List of computer science publications by Edward Fredkin. Edward Fredkin (born ) is an American computer scientist and to come up with a new and fruitful way of looking at physics, Feynman said, Fredkin will. Ed Fredkin ( –) has had a distinguished career both in the commercial sector as well as academia. He held professorships at MIT in Electrical Engineering.
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An informational process based on reversible universal cellular automata E Fredkin Physica D: Edward Ed Fredkinborn an American physicist, computer scientist, pioneer of digital physics and advocate of digital philosophy. Wikipedia has an article about: But the fact that everything in nature is, at heart, cellular automata, sounds like a reductionist vision.
In ontological terms, your Digital Philosophy tends more to reductionism or emergentism? Two-state, reversible, universal cellular automata in three dimensions DB Miller, E Fredkin Proceedings of the 2nd conference on Computing frontiers, He is inventor of the trie data structure the Fredkin gate and the Edwars Computer Eddward for reversible computing.
If this quality were continuous rather than discrete, the description would always have the flavor of an approximation, owing to the infinite possible rotations of the coin.
Digital Philosophy | A New Way of Thinking About Physics
Nevertheless, at time step 2, the same block or cell exists in a different state 2! Proceedings of the 2nd conference on Computing frontiers, We have become accustomed in mathematics and in the natural world to contemplating the infinite — a series that goes on forever without end — and its converse, the infinitesimal — a hypothetical smallness that has no minimum.
Exploring finite quantities A finite amount of information cannot evolve without a processing mechanism. On the other hand, if we allowed the rule to be applied fully, we would see a tidy row of soldiers which had neatly advanced one step. The system can’t perform the operation now. Say entropy is always increasing for example to parrallel thermodynamic entropy.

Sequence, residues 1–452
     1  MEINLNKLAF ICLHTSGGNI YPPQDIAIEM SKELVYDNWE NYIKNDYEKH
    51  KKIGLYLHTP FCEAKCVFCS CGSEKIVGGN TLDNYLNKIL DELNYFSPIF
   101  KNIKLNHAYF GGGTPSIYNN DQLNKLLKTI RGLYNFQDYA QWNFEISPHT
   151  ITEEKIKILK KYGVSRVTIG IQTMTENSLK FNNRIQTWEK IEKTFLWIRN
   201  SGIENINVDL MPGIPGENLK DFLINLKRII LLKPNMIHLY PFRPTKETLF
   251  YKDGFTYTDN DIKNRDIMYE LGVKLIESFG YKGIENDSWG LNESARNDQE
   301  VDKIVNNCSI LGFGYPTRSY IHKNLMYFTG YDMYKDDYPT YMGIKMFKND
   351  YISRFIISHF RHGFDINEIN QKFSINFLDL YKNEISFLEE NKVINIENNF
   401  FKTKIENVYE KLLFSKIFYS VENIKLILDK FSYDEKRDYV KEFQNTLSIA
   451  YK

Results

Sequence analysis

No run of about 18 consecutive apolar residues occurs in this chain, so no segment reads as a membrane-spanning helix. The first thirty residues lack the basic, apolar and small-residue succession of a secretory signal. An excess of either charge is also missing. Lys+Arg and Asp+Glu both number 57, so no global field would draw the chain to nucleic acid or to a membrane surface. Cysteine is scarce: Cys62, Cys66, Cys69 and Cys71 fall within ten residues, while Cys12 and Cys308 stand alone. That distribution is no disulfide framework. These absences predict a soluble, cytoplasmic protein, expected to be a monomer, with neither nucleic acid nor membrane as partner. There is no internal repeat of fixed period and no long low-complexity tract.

Accordingly, at any given time frwdkin 1, the block or cell exists by eedward wholly and completely in state 1. The fundamental process that we know as the physics of the natural world is an informational process. Caveat that we are not describing “particles” in the sense of atoms or electrons or anything else in the particle zoo of the Standard Model. Everything in physics and physical reality must have a digital informational representation.
A great deal of information is obviously associated with the trajectory of every particle and that information must be conserved.
How Does Nature Compute? Query whether this would satisfy those longing for something “real”? Retrieved 11 March Actually, we know little of Zeno’s preferred solution, if any, because his paradoxes come to us through Aristotle’s tracts ridiculing the frexkin themselves. The examples given from atomic theory in chemistry, and quantum theory in physics, serve as reminders that close examination can reveal step-wise, discrete properties at any and perhaps every turn.
Journal of Microelectromechanical Systems 2 1: Whether this information exists in digital form is an interesting question. As it happens, this is exactly the case with quantum mechanical transitions, or “quantum leaps,” which were anticipated by Zeno but dismissed as absurd and fredkon by Aristotle. January ” Five big questions with pretty simple answers “.
Edward Fredkin – Wikipedia
Fredkin i used your billiard ball analogy to write this essay. We do not “see” the transition, nor even the process of transition. Can the finite nature assumption account for the efficacy of quantum mechanics? How does such a transformation occur? When Fredkin invokes the concept of “information,” he is speaking of a “scalar quantity,” that is, something which is “capable of being represented by a point on a scale,” or “a quantity that has a magnitude describable by a real number and no direction.
However, upon further discussion with Prof. For example, there is always an integral number of neutrons in a particular atom.